The begging issue revisited….

After, I wrote the blog about the issue with the begging, I knew I wanted to come back to it. However, as I started exploring the issue a little bit, I quickly realized that it won’t be a short one, so I am going to do a sort of blogging mini-series, cause no one wants to read my ramblings for three pages at a time! I highly doubt this mini-series will be as enthralling as something you would find on Lifetime (ha!), but maybe it is just me working through the issue out loud.

I wrote the prior blog about begging in kind of a hurry and obviously a little agitated, but I don’t want to come across as entirely heartless. I have never actually said no to a malnourished two year old, but there have been times when I have said no to people that I’m sure were hungry or at the very least have less to eat than I do. When I first encountered the poverty here, I was extremely burdened by it but I have noticed lately that now instead of sympathy and compassion I am more often annoyed by the situation. My long commutes to language each day result in me coming face to face daily with the poverty that is so prevalent here. Day in and day out, I am in the midst of the people here and the poverty is very real and very present and honestly, very wearing. My prayer is that the Lord would keep my heart soft and sensitive to his Spirit and not hardened to the issues that are here. In so many ways, hardening the heart is a coping mechanism for dealing with the overwhelming need and helplessness that is here.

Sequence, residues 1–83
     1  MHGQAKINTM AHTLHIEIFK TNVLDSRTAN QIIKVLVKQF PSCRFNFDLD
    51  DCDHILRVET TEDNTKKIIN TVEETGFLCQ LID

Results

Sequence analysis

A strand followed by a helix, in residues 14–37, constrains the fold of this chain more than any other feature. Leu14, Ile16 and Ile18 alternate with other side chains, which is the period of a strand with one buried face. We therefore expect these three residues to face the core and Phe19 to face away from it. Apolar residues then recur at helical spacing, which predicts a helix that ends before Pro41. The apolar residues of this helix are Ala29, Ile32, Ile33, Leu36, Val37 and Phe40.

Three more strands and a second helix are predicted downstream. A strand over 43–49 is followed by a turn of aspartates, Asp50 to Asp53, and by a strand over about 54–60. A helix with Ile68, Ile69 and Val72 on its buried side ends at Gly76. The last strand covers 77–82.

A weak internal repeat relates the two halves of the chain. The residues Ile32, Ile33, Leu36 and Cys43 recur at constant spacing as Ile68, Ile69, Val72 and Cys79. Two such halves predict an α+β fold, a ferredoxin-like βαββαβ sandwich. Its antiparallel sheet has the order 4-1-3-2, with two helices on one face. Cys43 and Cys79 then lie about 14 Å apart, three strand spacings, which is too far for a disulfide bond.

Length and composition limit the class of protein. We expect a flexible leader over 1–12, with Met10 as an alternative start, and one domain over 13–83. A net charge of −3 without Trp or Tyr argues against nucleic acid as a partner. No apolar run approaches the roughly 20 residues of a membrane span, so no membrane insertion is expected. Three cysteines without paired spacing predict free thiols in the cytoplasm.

I think a part of me wrote that blog asking you to call me out on the hardening of my heart. The need here seems so great and the ability to help so small and the knowledge to know how to act so little that I just kind of yo-yo back and forth between giving and not giving. I never came here with the idea that I would make some huge impact on the socioeconomic status of the people here – that was never the intention. These people have been living this lifestyle for centuries and a three bedroom house with two and a half baths and a garage would not solve all their problems. To make them like Americans is not the goal. Yet it is hard to look the genuine needs in the face day in and day out and feel helpless to make any real difference in their financial status.

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